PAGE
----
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Generate non-HT-Data field waveform



y = wlanNonHTData(psdu,cfg) generates a non-HT Data field time-domain waveform for PSDU bits psdu and non-HT transmission parameters cfg.


y = wlanNonHTData(psdu,cfg,scramInit) specifies the scrambler initialization state.

y = wlanNonHTData(___,OversamplingFactor=osf) generates an oversampled non-HT Data field waveform for the specified oversampling factor. For more information about oversampling, see FFT-Based Oversampling.


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Generate the waveform for a 20MHz non-HT-Data field for 36 Mbps.

Create a non-HT configuration object and assign MCS to 5.

cfg = wlanNonHTConfig('MCS',5);

Assign random data to the PSDU and generate the data field waveform.

psdu = randi([0 1],cfg.PSDULength*8,1);
y = wlanNonHTData(psdu,cfg);
ans = 1×2

        4480           1

Configure transmission parameters by creating a wlanNonHTConfig object, specifying a channel bandwidth of 80 MHz and static bandwidth operation.

cfg = wlanNonHTConfig('ChannelBandwidth','CBW80','SignalChannelBandwidth',true, ... 

Generate a random PSDU of the appropriate length.

psdu = randi([0 1],8*cfg.PSDULength,1,'int8');

Generate the initial pseudorandom scrambler sequence.

[range,numBits] = scramblerRange(cfg);
scramInit = randi(range);

Generate the non-HT Data field signal.

y = wlanNonHTData(psdu,cfg,scramInit);

Input Arguments

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Physical layer convergence procedure (PLCP) service data unit (PSDU) bits, specified as a binary-valued column vector of length 8 × L, where L is the PSDU length in bytes. To specify L, set the PSDULength property of the cfg input.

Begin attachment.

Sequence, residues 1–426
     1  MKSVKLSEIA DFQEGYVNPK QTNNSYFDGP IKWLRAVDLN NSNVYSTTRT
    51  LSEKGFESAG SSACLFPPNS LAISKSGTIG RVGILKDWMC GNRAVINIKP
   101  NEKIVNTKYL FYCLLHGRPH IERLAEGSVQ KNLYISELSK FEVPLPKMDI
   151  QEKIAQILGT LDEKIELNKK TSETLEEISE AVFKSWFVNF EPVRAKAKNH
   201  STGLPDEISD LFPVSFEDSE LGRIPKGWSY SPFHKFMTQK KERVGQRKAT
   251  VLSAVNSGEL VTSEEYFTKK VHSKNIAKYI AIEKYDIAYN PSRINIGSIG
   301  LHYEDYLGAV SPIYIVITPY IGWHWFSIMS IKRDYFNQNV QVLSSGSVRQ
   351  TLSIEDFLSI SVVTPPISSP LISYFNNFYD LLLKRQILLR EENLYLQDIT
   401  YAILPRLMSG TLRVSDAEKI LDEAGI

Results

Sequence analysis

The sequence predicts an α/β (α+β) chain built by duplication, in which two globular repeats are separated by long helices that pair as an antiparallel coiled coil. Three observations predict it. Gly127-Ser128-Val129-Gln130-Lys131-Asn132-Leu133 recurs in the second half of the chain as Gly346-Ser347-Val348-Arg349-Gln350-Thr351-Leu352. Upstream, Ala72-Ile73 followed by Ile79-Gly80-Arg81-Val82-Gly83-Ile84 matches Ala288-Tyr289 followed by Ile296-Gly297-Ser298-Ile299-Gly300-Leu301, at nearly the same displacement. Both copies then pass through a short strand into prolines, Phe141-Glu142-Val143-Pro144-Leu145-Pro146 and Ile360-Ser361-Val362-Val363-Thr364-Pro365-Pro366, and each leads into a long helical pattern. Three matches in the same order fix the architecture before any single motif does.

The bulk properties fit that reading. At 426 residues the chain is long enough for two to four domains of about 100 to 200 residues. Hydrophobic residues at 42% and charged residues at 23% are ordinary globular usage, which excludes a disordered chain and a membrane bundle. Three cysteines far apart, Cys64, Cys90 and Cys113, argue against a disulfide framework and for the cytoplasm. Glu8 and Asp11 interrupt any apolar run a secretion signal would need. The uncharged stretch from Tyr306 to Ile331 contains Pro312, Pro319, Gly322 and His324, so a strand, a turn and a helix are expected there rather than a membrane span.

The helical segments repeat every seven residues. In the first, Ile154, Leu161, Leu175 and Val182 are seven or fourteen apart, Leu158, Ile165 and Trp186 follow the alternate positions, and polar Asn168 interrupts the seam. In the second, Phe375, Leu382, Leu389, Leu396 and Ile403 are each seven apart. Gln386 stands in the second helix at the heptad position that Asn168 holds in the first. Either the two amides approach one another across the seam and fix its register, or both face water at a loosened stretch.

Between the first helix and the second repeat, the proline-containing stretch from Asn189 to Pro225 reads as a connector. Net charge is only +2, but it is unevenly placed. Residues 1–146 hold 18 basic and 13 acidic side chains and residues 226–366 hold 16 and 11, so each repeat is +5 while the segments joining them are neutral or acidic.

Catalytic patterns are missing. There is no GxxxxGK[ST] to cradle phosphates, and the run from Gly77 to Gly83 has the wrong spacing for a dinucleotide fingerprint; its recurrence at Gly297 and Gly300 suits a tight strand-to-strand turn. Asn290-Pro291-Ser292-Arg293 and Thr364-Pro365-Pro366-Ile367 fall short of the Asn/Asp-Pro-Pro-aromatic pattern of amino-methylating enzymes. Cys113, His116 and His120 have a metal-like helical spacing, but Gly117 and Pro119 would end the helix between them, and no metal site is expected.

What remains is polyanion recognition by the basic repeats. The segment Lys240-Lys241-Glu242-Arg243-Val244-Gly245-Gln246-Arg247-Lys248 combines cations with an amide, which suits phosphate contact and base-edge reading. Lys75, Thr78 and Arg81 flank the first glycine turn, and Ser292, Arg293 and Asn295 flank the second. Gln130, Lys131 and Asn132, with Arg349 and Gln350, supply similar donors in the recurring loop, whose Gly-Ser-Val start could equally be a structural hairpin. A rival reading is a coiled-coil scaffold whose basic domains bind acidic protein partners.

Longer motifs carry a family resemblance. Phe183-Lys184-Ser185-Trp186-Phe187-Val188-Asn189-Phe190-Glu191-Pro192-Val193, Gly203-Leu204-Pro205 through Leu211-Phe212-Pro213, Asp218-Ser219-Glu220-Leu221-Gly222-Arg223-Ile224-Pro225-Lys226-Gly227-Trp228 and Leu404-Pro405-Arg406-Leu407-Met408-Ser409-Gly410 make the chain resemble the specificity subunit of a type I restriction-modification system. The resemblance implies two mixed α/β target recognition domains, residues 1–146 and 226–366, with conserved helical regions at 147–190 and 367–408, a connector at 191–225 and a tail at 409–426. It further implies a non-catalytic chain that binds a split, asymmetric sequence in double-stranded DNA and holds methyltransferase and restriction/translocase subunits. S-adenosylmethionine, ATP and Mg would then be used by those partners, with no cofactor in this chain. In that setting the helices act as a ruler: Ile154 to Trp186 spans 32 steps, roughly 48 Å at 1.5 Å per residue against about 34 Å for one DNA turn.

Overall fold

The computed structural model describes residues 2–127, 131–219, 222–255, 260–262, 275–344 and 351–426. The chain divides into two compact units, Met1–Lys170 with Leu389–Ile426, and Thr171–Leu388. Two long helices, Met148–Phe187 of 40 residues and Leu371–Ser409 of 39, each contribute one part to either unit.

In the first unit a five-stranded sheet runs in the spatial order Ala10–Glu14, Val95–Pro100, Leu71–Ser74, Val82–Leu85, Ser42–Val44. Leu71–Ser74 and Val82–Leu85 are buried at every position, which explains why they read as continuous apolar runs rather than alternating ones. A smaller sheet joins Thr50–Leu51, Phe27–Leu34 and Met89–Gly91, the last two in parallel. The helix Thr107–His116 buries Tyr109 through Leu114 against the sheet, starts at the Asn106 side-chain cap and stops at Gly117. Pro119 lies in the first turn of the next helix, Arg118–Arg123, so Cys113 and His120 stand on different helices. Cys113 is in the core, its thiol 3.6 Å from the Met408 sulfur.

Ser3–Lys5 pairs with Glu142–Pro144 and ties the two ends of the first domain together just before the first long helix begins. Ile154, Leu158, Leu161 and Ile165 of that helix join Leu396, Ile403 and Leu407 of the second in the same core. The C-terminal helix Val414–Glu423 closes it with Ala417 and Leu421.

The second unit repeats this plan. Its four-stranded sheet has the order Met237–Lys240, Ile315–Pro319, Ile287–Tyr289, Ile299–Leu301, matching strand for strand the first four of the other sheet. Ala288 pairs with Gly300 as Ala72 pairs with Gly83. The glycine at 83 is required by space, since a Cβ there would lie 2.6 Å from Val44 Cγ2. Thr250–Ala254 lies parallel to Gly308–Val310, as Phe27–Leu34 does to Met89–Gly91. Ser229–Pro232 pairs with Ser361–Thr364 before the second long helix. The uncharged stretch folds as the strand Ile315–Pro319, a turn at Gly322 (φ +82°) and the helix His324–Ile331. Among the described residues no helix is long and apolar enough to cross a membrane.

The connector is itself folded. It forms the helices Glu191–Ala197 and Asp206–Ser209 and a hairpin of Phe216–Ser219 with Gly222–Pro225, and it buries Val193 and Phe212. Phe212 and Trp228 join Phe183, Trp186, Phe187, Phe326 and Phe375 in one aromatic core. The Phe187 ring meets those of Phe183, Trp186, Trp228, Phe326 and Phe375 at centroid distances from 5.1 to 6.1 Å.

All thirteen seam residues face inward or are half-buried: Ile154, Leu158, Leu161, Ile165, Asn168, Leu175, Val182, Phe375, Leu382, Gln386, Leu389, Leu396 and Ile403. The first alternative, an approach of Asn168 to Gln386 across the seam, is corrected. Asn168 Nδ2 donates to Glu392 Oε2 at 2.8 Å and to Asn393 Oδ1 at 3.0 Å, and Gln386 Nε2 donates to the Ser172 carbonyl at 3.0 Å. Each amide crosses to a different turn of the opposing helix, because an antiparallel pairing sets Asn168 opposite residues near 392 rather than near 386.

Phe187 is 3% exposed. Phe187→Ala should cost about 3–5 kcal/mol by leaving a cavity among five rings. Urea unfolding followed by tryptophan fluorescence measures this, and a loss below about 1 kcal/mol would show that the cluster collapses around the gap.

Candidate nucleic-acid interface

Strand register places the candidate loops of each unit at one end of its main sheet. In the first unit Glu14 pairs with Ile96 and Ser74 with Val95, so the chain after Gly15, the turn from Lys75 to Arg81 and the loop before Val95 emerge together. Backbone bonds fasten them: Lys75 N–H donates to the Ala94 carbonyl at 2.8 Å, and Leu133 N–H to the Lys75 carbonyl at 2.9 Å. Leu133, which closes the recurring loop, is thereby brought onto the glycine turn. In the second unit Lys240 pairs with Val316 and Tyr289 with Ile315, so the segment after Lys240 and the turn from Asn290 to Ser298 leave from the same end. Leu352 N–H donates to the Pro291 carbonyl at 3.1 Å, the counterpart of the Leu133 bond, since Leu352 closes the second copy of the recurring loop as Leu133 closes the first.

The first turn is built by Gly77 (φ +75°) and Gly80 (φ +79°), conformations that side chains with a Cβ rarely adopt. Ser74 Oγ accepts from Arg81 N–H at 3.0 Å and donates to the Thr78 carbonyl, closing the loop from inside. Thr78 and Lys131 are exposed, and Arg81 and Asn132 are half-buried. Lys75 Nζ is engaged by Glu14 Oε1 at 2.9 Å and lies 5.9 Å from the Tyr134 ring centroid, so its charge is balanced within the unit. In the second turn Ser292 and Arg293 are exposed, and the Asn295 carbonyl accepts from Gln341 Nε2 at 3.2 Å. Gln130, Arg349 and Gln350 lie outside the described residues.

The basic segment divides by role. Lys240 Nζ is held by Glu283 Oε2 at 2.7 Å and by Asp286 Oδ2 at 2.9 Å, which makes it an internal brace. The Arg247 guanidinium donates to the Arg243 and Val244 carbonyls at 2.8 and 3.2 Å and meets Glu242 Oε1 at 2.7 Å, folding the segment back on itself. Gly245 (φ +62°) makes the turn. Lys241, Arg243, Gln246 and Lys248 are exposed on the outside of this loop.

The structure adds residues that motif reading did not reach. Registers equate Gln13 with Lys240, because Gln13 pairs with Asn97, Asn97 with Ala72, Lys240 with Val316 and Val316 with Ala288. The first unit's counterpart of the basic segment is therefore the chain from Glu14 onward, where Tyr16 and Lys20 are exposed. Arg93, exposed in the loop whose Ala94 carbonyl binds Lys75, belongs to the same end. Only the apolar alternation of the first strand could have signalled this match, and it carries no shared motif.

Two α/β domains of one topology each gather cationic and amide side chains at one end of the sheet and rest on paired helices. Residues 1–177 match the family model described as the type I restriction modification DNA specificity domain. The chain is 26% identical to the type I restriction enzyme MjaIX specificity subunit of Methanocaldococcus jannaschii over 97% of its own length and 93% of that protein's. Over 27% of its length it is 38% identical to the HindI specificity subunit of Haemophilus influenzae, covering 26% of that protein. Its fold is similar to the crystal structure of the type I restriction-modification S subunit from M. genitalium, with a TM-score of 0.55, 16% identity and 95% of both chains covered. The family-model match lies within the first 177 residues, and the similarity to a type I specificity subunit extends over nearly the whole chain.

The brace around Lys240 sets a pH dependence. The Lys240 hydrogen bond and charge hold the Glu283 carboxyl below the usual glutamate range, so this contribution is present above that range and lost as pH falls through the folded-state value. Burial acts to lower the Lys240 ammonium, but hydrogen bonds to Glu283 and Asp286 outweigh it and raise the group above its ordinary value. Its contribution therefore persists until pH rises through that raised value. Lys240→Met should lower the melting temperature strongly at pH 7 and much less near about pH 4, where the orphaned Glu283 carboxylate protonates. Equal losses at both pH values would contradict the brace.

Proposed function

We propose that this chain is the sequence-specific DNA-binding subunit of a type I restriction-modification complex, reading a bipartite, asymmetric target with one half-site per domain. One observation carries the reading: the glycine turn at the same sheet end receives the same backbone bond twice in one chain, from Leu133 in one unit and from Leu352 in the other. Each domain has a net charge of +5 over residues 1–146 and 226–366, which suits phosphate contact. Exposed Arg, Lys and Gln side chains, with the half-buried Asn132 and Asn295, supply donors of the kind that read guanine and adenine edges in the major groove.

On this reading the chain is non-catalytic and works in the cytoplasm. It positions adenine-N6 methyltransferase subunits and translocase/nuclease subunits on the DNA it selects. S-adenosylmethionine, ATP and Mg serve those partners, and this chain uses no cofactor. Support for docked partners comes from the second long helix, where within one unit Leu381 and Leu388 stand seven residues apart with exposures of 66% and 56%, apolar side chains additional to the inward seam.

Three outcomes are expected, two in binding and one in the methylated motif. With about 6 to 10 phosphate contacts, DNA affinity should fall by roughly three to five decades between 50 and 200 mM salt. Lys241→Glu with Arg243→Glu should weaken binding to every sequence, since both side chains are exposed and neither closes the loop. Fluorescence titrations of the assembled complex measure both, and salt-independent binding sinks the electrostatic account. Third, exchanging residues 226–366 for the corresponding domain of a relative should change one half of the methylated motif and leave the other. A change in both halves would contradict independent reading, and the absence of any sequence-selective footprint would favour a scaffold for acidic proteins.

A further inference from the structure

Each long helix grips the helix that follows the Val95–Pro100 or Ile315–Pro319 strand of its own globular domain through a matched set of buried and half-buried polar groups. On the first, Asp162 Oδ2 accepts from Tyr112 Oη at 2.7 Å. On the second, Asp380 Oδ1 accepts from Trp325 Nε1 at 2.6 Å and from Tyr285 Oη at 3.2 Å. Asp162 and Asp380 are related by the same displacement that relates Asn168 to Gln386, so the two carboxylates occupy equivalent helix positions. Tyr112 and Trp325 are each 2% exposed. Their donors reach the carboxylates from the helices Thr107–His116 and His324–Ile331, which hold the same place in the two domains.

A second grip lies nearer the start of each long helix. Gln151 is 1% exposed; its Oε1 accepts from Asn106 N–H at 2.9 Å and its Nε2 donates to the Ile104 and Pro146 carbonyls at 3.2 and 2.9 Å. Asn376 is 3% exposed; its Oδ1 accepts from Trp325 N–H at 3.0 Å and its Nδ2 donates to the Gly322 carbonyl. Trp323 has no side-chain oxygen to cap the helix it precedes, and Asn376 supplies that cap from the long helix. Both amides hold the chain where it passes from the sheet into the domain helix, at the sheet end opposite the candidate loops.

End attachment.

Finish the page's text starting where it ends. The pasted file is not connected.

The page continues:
Data Types: double

Non-HT transmission parameters, specified as a wlanNonHTConfig object.

Initial scrambler state or initial pseudorandom scrambler sequence for each generated packet.

When you disable bandwidth signaling by setting the SignalchannelBandwidth property of the cfg input to 0 (false), this input represents the initial scrambler state. In this case, this input must be an integer in the interval [1, 127], or as the corresponding binary-valued column vector of length seven. The default value, 93, is the example state in section I.1.5.2 of [1].

When you enable bandwidth signaling by setting the SignalchannelBandwidth property of the cfg input to 1 (true), this input represents the pseudorandom scrambler sequence described in Table 17-7 of [1]. In this case, this input must be an integer in the interval [min, max], or the corresponding binary-valued column vector of length NB. The values of min, max, and NB depend on the values of the BandwidthOperation and ChannelBandwidth properties of the cfg input according to this table.

Value of cfg.BandwidthOperationValue of cfg.ChannelBandwidthValue of minValue of maxValue of NB
'Absent''CBW5', 'CBW10', 'CBW40', 'CBW80', or 'CBW160'0315
'Static' or 'Dynamic''CBW20'1154
'Static' or 'Dynamic''CBW5', 'CBW10', 'CBW40', 'CBW80', or 'CBW160'0154

If you do not specify this input, the function uses the NB most significant bits of the default value, 93.

Section of [1] specifies the scrambling and descrambling process applied to the transmitted data. The header and data fields that follow the scrambler initialization field (including data padding bits) are scrambled by XORing each bit with a length-127 periodic sequence generated by the polynomial S(x) = x7 + x4 + 1. The octets of the PSDU are placed into a bit stream, and, within each octet, bit 0 (LSB) is first and bit 7 (MSB) is last. This figure demonstrates the sequence generation and XOR operation.